All along are great views of the Rogue and this view of the bridge. Rogue River is a very small city.
At the bridge is a small park and at least two families of geese. Fun to watch, but don't get too close!!
Also, right here, was a great little Mexican restaurant. Jan and I took a break for some tacos, tamale, and an ice cold Mexican Pacifica beer in a frozen mug.
From the state park, we head back on Route 5 for a short distance to Route 234 and then Route 62 north to the west entrance of Crater Lake National Park. The road is good and we are able to stop at the Steel Visitors Center and then up to the Rim Village. On the road you realize that you really cannot see the lake until you are on top of the old crater.
When you look over the edge, your jaw drops. An amazing view!! 7,700 years ago this volcano erupted with such heat and force that the edges of the mountain fell into the center. Wizard Island you see in the lake was from later eruptions. This is the deepest lake in North America at 1,943 feet. There are no rivers in or out of the lake. All the water has formed from rain and snow melt. it is the clearest and cleanest body of water on earth. There are no streams to pollute the lake. The blue you see here is the color we saw on this day. There was still snow on the roads here in May with the elevation of 7,132 feet.
The road around the rim was still closed, but we could walk for a little more than a mile to Discovery Point. Some college age men were hiking with full backpacks and tents. We believe they were doing a weekend hike around the rim. That would be 35 miles. The lake itself is about 6 miles in diameter.
Just in case you thought we were using stock photos, Jan and I thought we should show you that we were really there!
At the foot of the mountain, back on Route 62 is Farewell Bend Campground. We were pleasantly surprised to find a National Forest campground open. Actually, the hosts indicated they had just arrived and it had just opened.
There are a number of campgrounds all along the Rogue River. This one is beautiful! Dry camping with no threaded water faucets and no dump station, many of the sites are right on the river, such as ours.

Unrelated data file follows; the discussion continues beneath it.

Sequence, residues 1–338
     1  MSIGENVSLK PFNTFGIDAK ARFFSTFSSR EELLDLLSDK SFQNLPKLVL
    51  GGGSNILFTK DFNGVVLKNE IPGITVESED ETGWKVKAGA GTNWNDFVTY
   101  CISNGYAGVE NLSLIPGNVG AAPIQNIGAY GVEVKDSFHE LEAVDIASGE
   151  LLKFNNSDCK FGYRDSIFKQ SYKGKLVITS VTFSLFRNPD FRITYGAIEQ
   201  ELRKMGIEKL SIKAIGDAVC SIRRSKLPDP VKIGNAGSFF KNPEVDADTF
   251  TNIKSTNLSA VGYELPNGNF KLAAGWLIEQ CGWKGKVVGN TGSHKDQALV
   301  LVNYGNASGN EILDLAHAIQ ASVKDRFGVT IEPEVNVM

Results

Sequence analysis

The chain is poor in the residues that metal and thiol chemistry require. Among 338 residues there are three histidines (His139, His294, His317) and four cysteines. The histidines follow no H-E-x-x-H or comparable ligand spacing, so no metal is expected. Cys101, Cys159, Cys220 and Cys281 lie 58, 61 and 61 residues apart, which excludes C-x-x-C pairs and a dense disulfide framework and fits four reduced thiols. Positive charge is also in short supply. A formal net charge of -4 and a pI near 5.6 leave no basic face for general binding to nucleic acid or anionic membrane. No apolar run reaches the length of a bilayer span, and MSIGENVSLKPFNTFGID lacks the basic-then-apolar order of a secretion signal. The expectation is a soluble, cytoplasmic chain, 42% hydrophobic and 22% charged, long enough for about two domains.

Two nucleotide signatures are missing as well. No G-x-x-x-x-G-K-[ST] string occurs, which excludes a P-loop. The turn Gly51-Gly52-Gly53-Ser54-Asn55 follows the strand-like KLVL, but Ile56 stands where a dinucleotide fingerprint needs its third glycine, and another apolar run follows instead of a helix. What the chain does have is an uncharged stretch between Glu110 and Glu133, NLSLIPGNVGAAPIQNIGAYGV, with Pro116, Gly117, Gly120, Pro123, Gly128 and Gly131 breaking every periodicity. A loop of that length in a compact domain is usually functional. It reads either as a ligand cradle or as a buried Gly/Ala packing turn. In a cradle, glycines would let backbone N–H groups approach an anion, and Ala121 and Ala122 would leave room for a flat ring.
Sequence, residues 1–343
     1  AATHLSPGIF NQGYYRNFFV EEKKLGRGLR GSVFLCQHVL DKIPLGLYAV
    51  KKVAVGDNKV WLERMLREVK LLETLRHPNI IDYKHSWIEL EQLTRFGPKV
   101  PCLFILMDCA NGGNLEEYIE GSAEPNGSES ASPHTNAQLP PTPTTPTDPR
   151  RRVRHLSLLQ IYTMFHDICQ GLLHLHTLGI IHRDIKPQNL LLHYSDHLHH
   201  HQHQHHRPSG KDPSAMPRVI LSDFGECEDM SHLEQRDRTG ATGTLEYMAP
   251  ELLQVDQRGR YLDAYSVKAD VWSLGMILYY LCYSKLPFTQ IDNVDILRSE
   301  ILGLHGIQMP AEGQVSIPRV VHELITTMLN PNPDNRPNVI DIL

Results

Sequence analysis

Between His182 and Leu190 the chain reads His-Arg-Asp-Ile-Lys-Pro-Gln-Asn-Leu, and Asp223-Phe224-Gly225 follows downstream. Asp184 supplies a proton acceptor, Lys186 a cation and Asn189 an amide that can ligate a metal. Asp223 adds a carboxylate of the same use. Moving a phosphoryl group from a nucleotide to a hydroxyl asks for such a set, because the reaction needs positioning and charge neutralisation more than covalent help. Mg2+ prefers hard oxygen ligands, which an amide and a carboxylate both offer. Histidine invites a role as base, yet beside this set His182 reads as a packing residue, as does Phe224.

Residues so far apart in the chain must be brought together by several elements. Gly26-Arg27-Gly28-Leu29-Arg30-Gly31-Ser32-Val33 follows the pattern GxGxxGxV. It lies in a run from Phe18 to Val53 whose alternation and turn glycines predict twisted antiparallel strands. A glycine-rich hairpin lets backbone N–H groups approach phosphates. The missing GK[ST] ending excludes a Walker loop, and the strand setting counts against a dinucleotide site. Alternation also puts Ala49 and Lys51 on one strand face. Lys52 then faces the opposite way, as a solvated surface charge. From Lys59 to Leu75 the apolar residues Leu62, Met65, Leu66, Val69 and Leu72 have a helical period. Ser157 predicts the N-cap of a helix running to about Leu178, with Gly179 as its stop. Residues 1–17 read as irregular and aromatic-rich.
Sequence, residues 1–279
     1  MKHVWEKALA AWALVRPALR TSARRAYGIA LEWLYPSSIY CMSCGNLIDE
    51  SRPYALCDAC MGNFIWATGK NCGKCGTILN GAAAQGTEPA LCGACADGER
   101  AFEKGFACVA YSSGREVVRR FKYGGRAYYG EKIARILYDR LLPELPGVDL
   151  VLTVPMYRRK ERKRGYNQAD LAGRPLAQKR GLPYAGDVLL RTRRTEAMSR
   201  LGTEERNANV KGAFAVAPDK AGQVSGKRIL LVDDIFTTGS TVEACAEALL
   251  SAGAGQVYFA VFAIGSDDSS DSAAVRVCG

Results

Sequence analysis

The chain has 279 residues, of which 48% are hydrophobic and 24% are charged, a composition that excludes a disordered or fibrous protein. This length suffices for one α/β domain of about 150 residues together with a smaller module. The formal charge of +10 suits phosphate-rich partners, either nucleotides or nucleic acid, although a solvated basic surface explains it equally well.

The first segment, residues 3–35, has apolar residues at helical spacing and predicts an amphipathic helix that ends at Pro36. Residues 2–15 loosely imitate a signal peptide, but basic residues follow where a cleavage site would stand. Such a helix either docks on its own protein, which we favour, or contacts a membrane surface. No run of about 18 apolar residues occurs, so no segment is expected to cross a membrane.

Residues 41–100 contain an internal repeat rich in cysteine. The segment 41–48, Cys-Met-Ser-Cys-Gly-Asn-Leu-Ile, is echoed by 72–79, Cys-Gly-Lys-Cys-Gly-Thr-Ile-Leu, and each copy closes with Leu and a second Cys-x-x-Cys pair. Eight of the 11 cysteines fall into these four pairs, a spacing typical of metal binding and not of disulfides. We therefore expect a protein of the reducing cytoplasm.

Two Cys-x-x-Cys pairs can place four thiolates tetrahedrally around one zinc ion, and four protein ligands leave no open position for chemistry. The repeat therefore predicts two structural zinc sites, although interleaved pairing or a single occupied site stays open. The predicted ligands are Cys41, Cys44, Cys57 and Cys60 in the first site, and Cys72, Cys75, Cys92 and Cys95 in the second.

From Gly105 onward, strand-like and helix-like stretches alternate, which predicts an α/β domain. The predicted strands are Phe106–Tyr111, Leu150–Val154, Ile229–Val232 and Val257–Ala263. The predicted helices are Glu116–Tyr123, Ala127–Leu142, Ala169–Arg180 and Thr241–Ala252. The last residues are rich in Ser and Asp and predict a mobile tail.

They are well separated and large.
Some interesting flowers in the campground.
The blossoms remind us of bleeding heart or orchid.
Scattered among the tall pine trees are a number of Dogwood trees. The flowers jump out in contrast to the dark shade of the trees.
A nice hike from the campground brings us to the Rogue Gorge. All of the water is forced through a narrow slice of volcanic rock.
Along the way are a number of rocks that remind us of the Potholes in Shelburne Falls, Massachussetts, near the Bridge of Flowers.
No ,Eustis. That is not a deer or an elk.
Leaving Farewell Bend, we follow Route 62 to Route 230 north around the west end of Crater Lake and north to Route 138.
All scenic. In thick forest. Being national forest, there are no private homes. Also, no gas stations, so plan ahead!! Like in Texas, this is free range for cattle. And these were two that we had to slow down for as they crossed the road.
Following Route 138, Jan and I are happy to discover some national forest campgrounds that are open. We are now following the Umpqua River. The Umpqua, like the Rogue, flows from the Crater Lake hillsides to the Pacific Ocean.
We stopped at Toketee Lake Campground.
This lake was formed by the Pacific Gas and Electric Company. To our right is a hydroelectric power plant. One of eight that are located along the Umpqua.
It seems that these western states have taken good advantage of river power to create electric energy.
A five to six mile hike takes us to the Toketee Falls.
There are a number of falls along the Umpqua River and this is one of the nicest.
The trail follows above the river which cuts through the volcanic rock. The trail is well maintained with stairs and this great platform for viewing.
Nice try Bruce.
A little Dutch boy, plugging the hole in the dike, you are not!
The power company has many ways of moving water from lakes and rivers to the power generators.
This 12 foot diameter water pipe was constructed in 1949 from redwood staves. Still works great with a few leaks here and there.
Heck, I'm a bit older than that and I have a few leaks here and there too!
Our site at Toketee Camground is also dry camping. In this case, there is no water at all at the campground as well as no dump station.
A very nice, if quiet, campground. This was $5 per night for us old folks.